The Patent Trial and Appeal Board (PTAB) has denied a petitioner's request for inter partes review (IPR) finding that petitioner failed to demonstrate a reasonable likelihood of prevailing with respect to at least one challenged claim. The PTAB's decision came after a nearly identical request for post-grant review (PGR) previously filed by petitioner on the same patent had been denied by the PTAB. According to the PTAB, petitioner acknowledged purposely filing a nearly identical petition "knowing that one of the two types of proceedings must fail under the law." The PTAB further noted that petitioner had hoped for institution of both proceedings so that the PTAB could later determine which proceeding type was proper.
In declining to institute either petition, the PTAB explained that although the challenged patent was PGR-eligible, petitioner had failed to demonstrate that at least one of the challenged claims was unpatentable in view of the asserted prior art. Because petitioner's analysis in the IPR petition was "substantially similar" to the analysis in its PGR petition, the PTAB also denied institution of the IPR. The PTAB denied the IPR petition despite the different standards for PGR and IPR institution. Specifically, a PGR may only be instituted if the petitioner demonstrates "that it is more likely than not that at least 1 of the claims challenged in the petition is unpatentable." In contrast, to institute an IPR, the petitioner must demonstrate "that there is a reasonable likelihood that the petitioner would prevail with respect to at least 1 of the claims challenged in the petition."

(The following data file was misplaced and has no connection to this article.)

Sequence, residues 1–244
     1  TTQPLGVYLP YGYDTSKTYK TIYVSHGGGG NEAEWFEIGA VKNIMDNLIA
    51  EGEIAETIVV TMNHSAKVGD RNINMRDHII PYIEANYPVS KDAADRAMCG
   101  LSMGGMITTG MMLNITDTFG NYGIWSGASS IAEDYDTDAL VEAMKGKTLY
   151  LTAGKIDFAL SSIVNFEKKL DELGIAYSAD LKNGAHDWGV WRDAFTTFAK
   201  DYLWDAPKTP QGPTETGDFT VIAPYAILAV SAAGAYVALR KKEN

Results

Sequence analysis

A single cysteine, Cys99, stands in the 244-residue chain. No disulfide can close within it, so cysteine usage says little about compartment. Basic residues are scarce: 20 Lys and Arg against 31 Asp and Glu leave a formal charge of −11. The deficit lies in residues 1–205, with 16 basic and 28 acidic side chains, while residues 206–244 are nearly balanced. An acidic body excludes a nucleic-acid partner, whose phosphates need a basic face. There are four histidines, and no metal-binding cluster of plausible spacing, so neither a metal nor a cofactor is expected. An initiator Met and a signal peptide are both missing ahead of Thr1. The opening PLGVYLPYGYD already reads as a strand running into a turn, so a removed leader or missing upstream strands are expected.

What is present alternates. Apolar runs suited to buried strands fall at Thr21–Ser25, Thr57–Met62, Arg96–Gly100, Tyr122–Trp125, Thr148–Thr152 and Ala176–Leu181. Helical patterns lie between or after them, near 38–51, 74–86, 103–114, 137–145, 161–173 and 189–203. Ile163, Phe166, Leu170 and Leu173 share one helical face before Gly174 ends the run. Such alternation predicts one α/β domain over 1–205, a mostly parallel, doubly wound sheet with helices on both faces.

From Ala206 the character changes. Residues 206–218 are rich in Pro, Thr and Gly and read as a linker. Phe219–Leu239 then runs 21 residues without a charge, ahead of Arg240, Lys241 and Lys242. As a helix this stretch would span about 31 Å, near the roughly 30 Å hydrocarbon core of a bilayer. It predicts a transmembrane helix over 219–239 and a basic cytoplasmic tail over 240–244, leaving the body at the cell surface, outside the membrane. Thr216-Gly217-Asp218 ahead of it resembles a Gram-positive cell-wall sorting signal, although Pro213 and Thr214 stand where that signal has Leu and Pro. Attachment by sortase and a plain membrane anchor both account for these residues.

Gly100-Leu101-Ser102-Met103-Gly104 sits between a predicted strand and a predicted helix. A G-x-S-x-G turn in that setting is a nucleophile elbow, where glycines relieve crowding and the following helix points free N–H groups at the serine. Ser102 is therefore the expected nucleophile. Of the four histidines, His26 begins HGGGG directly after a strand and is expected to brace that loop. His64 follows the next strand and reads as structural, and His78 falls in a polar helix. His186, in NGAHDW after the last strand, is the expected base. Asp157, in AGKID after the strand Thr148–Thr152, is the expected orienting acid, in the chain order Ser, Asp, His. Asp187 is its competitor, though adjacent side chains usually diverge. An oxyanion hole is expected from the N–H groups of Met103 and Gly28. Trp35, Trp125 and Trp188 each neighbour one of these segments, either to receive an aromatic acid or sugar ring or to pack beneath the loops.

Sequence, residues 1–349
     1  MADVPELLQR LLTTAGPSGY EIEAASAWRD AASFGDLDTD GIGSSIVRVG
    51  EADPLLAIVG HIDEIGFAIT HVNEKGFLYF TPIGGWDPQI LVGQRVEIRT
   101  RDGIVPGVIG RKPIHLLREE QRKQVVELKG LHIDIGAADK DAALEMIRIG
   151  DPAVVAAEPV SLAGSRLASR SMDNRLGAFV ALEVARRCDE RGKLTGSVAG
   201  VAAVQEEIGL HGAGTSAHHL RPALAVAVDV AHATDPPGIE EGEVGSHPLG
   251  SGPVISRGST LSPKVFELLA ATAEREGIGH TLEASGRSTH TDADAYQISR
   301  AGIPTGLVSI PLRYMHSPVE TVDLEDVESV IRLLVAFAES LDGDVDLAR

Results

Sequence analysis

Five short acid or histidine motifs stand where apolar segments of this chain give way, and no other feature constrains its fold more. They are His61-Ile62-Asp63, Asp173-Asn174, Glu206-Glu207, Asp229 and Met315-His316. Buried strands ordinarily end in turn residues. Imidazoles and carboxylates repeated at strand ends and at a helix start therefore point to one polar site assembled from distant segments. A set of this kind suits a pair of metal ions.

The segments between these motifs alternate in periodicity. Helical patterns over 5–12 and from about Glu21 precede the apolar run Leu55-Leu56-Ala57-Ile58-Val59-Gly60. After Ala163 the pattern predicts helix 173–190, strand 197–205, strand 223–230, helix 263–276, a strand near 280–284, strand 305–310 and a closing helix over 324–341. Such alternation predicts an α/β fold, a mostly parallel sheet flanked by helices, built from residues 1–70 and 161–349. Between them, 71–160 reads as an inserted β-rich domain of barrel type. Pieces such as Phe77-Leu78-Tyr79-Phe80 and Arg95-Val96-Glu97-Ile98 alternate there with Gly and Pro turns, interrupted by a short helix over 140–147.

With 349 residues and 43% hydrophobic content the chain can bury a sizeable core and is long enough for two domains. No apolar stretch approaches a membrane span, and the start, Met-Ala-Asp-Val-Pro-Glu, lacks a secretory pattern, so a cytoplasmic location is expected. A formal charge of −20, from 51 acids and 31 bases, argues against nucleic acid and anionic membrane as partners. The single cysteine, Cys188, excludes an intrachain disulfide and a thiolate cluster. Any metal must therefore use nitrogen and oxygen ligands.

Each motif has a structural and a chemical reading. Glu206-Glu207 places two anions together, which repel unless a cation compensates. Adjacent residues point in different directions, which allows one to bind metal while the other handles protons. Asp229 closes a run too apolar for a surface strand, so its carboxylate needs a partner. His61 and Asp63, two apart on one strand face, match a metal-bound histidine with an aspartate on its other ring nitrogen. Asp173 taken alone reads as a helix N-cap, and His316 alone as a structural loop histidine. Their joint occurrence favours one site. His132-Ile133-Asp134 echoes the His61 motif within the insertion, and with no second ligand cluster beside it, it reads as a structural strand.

Even though the standards for instituting a PGR and IPR are different, the PTAB denied the IPR because the substantially similar arguments that had been made—and were previously rejected by the PTAB in the PGR—were also insufficient to satisfy the IPR institution threshold.
Practice Tip: Although the standard for instituting a PGR is different from that for instituting an IPR, the PTAB's application of such standards may not be sufficiently different—in some instances—to expect different outcomes regarding the merits of petitioner's substantive arguments.
Align Tech., Inc. v. 3Shape A/S, IPR2019-00117, Paper No. 8 (PTAB May 14, 2019)
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